Topics Covered:

  • Resolution and Detail
  • The Optotype
  • The Resolution of the Human Eye at 20/20 vision

“There are people who have been tested at 20/8 vision, and 20/12 vision is quite common. But that’s nothing compared to hawks – they supposedly have 20/2 vision.”

Another long intake of breath by Dr. Optoglass. He was like a whale, Bob thought.

“There are three properties that define the way we perceive sharpness. The most important, which we’ll start with, is resolution. Before you can understand resolution, you must understand the Optotype. Don’t bother with any thoughts on its rhyming with my name.”

I wouldn’t have if you hadn’t put the thought in my head, thought Paul. It doesn’t rhyme, dummy, thought Bob.

“The letters you see on the Snellen chart are all optotypes. It’s basically a symbol that is easily recognizable and has a measurable size. As I told you earlier, we use alphabets to reach the most individuals. The most famous optotype has to be the letter ‘E’.”


“I’m telling you why, aren’t I? Snellen found, that if a man, or woman, stood at twenty feet from the chart, and he or she had 20/20 vision, the size of the optotype, in other words its length, subtended an angle of five arc minutes.”

“Subtended a what?”

“An angle of one degree is 60 arc minutes. We use arc minutes for angles that are too small to be recorded with ‘degrees’. The letter E has five lines, three black and two white. Let’s assume they are of equal thickness. In that case, if a person with 20/20 vision subtends an angle of 5 arc minutes, each line will be equal to one arc minute. Understood?”

“You mean that’s the most a person can see?”

“If he or she has 20/20 vision.”

“But why do we measure this in degrees or arc minutes? Why not millimeters or something else?”

“Good question. Simply because the size of the optotype, at any given angle, will vary according to distance. If you place the chart at fifty feet, the size of the letters change. But the person with 20/20 vision can still only subtend a maximum of one arc minute. This is how we ophthalmologists measure resolution.”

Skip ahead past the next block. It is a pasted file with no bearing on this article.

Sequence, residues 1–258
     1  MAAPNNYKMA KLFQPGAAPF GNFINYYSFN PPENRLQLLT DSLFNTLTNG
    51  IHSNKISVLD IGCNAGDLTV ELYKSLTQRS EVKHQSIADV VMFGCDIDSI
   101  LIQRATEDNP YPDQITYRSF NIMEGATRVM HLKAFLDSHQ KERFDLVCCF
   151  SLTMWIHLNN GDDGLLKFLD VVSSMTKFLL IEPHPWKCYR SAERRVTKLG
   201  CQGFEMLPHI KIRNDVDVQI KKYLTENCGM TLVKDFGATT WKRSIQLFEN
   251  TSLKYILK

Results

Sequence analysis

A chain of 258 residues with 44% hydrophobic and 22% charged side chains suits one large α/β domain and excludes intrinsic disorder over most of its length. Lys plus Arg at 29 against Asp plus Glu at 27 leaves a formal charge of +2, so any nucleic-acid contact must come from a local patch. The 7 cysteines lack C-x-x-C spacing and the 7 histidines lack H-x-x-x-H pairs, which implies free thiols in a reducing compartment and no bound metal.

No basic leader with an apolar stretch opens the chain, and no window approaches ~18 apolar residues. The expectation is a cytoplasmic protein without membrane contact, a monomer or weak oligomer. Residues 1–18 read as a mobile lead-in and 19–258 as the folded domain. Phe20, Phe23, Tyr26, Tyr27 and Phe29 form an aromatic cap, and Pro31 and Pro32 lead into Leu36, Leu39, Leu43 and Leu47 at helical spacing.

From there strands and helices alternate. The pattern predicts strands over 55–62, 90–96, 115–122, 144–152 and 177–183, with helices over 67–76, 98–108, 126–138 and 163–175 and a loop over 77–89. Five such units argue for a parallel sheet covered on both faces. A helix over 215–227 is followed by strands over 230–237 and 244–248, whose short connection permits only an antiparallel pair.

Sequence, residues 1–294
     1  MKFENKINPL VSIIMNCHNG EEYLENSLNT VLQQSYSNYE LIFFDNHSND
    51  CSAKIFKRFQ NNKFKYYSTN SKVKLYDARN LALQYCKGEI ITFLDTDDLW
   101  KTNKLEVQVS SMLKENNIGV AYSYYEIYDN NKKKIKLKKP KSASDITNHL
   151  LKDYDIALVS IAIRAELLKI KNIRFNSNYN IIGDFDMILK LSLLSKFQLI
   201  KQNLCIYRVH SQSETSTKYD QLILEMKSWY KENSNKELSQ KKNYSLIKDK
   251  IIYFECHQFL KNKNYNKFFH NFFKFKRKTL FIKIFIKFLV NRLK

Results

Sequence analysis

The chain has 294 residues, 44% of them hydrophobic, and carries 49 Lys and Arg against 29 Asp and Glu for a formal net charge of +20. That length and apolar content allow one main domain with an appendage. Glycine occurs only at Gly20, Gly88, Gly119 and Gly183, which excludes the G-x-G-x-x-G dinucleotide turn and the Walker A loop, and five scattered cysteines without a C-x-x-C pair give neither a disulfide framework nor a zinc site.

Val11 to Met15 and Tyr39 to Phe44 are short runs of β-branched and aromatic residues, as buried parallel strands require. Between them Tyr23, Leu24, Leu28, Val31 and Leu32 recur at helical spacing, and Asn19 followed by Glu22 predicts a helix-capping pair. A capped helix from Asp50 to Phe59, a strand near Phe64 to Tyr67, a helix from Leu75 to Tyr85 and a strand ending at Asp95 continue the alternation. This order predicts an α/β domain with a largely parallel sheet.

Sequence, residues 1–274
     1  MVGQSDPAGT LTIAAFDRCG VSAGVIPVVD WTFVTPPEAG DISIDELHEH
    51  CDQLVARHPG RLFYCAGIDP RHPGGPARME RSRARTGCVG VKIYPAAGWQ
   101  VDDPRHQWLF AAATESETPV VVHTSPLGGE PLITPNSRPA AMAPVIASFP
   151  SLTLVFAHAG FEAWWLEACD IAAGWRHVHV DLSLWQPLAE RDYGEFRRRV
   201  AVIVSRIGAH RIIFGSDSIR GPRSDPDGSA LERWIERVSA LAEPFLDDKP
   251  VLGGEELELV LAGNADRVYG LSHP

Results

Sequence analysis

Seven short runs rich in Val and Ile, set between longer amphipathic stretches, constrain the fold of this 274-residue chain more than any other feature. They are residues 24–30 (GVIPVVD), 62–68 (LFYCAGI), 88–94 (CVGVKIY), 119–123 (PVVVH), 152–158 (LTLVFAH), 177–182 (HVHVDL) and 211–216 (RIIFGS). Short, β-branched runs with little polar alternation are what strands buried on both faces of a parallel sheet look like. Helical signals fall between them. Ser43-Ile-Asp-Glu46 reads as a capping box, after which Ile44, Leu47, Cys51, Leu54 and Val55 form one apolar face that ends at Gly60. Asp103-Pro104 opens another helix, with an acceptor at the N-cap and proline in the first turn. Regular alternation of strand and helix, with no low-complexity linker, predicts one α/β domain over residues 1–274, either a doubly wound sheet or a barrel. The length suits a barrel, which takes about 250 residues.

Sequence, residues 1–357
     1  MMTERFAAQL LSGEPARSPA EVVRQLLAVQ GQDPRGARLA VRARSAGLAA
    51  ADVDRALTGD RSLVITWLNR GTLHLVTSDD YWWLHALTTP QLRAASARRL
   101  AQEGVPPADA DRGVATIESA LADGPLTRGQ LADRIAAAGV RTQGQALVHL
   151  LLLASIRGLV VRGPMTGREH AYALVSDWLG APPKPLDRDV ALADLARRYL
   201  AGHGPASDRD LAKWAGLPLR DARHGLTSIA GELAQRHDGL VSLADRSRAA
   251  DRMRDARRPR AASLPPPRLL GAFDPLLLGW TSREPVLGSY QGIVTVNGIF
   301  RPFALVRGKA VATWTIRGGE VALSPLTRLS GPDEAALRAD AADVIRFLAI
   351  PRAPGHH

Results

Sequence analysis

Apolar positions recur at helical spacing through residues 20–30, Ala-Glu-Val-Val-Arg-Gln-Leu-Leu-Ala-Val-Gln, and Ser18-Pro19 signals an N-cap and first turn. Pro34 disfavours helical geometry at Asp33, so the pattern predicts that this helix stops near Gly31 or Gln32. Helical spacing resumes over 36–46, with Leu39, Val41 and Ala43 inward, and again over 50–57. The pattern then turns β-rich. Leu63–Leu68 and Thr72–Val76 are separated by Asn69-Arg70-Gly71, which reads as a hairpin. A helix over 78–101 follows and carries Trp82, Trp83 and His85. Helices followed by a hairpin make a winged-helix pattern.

“So what does have to do with cameras and lenses?” Paul had to ask.

“Engineers of camera and lens equipment use lines like the letter E – one black and one white alternatively – to measure the resolution. One black and one white together make a pair, and is called a cycle. Some people measure it in lines per millimeter or line pairs per millimeter, some measure it in cycles per degree. But you’ll find that the basic idea is still the same. So, Bob, can you guess what resolution is?”

“The smallest detail a person can recognize is resolution.”

“Excellent, Bob. I’m impressed.” Dr. Optoglass beamed. “You are absolutely right. Human beings classify objects and name them. This means there must be boundaries between objects so we can distinguish one object from another. As we discussed earlier, boundaries are a fuzzy concept, and depends entirely on how close or far you are from an object or its edge. From a fixed position, if our brain is capable of defining edges around a detail, and we are able to see the detail clearly, the smallest such detail can be used to calculate the resolution of the eye. You realize now why this property is extremely important in our understanding of sharpness.”

“Yes, doctor. Tell me more.”

Dr. Optoglass had a twinkle in his eye. He took another deep breath. Paul braced.


  • An optotype is a standardized symbol used to measure resolution in test charts.
  • Resolution is the smallest detail the eye can see from any given position.
  • The resolution of the human eye for 20/20 vision is one arc minute.

Links for further study:

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